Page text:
Recently, a discussion board poster raised the following great question:

Why does the government only care about certain types of arrests if they occurred within the last seven (7) years, but they want you to list others no matter how old?

The comment was ostensibly referring to Standard Form (SF) 86, which all security clearance holders know to be the foundation of both their initial investigation and subsequent periodic reviews. Indeed, a review of that document shows that a security clearance applicant is required to report any of the following that occurred within the seven (7) years preceding the date on which the applicant signs the form: arrests; criminal charges, convictions, or sentencing; probation or parole; or, summonses (excluding traffic citations with a fine of less than $300 that did not involve alcohol or drugs). (See Question 22.1).

Yet the following question then asks the security clearance applicant to report whether any of the following has EVER occurred (See Question 22.2):

  • Conviction in any U.S. court of a crime, for which the sentence exceeded 1 year and the individual was incarcerated for more than 1 year;
  • A felony charge;
  • A domestic violence conviction;
  • A charge involving alcohol, drugs, firearms, or explosives

It is understandable that some applicants may bristle at the need to provide an affirmative response to Question 22.2 after answering “no” to the prior section; after all, many people make juvenile mistakes in their younger years, only to self-reform and/or mature. One can imagine the unpleasant reminder of a past mistake rearing its head every time a security clearance holder is up for periodic review.

On the other hand, there are policy reasons why each component of Question 22.2 exists. For example, a federal law known as the “Bond Amendment” bars agencies from granting an individual who has been convicted, sentenced to, and actually served more than one year in jail access to certain categories of highly classified information – Sensitive Compartmentalized Information (SCI), Special Access Programs (SAPs), and Restricted Data (RD) – unless a meritorious waiver is deemed to apply.

Similarly, a different federal law known as the Lautenberg Amendment bars anyone who has been convicted of a domestic violence crime from access to firearms. Obviously, that would prohibit someone with a domestic violence conviction from working in most law enforcement-related positions – a fact that the government would need to know when evaluating a candidate’s suitability for such a position.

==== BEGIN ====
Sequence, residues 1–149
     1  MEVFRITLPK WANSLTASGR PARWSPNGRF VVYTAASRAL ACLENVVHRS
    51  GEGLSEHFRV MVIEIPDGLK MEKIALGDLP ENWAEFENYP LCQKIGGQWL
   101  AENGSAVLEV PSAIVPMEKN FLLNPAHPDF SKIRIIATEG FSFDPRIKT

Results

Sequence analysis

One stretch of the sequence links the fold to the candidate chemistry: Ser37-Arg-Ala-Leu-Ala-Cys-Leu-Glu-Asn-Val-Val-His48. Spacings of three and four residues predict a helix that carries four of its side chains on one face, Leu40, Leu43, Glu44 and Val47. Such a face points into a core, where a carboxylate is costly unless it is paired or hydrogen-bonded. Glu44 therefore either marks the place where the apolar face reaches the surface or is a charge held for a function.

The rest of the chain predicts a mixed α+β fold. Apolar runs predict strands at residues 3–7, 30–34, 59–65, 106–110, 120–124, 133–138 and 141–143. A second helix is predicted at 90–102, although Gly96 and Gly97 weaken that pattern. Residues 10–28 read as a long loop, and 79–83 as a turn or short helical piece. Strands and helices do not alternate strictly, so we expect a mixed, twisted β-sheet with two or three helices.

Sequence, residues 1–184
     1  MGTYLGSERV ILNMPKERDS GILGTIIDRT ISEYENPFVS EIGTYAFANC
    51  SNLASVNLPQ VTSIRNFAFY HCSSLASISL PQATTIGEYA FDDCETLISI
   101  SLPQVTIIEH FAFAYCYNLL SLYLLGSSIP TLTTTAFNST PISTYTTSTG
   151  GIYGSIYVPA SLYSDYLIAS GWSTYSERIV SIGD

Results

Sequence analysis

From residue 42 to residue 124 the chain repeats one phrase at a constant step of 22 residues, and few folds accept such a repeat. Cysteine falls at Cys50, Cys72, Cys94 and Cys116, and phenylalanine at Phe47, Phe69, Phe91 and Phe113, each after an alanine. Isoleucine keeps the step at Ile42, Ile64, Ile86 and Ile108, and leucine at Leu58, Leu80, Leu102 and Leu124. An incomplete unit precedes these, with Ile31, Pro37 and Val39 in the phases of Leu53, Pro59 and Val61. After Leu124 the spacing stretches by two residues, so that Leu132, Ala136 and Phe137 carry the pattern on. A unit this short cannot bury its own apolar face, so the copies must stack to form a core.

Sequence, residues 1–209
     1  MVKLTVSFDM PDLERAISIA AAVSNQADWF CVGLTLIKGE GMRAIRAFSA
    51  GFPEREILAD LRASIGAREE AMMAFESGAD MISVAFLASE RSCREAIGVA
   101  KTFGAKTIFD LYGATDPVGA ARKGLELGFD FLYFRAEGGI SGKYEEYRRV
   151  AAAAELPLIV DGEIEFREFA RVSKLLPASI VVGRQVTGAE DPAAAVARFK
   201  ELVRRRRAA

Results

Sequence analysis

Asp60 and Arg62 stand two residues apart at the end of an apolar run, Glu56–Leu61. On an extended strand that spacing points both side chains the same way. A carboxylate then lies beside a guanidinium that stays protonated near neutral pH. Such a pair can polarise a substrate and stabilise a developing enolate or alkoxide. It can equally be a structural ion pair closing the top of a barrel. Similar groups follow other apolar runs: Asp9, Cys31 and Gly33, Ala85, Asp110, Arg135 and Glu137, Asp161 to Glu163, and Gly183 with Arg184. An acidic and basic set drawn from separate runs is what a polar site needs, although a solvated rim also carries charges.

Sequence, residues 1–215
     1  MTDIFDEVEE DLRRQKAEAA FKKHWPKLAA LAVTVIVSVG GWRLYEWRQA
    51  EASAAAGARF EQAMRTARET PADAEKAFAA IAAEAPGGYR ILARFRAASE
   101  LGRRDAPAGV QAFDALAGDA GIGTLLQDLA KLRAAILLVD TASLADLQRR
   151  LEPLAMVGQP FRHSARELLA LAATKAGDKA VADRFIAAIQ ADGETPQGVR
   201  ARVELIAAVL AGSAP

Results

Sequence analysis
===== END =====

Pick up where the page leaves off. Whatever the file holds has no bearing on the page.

Finally, addiction science research that shows that someone who is involved extensively with illegal drugs or alcohol abuse at an early age is more likely to re-offend later in life, requiring perhaps a lengthier time of sobriety before meriting the fiduciary responsibility of a security clearance. After Fort Hood and the Navy Yard, the firearms and explosives questions should speak for themselves.

Of course, that still leaves the catch-all of any “felony charge”, no matter the age of the incident. It is an unfortunate fact of life that many security clearance applicants who accepted a plea agreement on felony charges (thereby reducing them to misdemeanor convictions), find themselves still locked into reporting the original charges to personnel security officials years or even decades later. Yet, as I have previously explained in this forum, security clearance adjudications are more about the underlying conduct than the consequences. Conservation of judicial resources, and the requirement of “proof beyond a reasonable doubt”, is simply not relevant in this context, where a security clearance is deemed a privilege over a right.

Given those realities, this author is admittedly surprised at the category of offense NOT included as an “EVER” question on the SF-86: sex crimes.

After all, the same logic that forms the basis for the addiction science referenced above arguably applies to sex offenders. That’s why so many jurisdictions have implemented mandatory sex offender registries.

At the end of the day, I can only speculate as to why the government does or doesn’t do certain things – and this is one of them. Perhaps the matter is something for the SF-86’s drafters to contemplate.


This article is intended as general information only and should not be construed as legal advice. Consult an attorney regarding your specific situation. 

Related News

Sean M. Bigley retired from the practice of law in 2023, after a decade representing clients in the security clearance process. He was previously an investigator for the Defense Counterintelligence and Security Agency (then-U.S. Office of Personnel Management) and served from 2020-2024 as a presidentially-appointed member of the National Security Education Board. For security clearance assistance, readers may wish to consider Attorney John Berry, who is available to advise and represent clients in all phases of the security clearance process, including pre-application counseling, denials, revocations, and appeals. Mr. Berry can be found at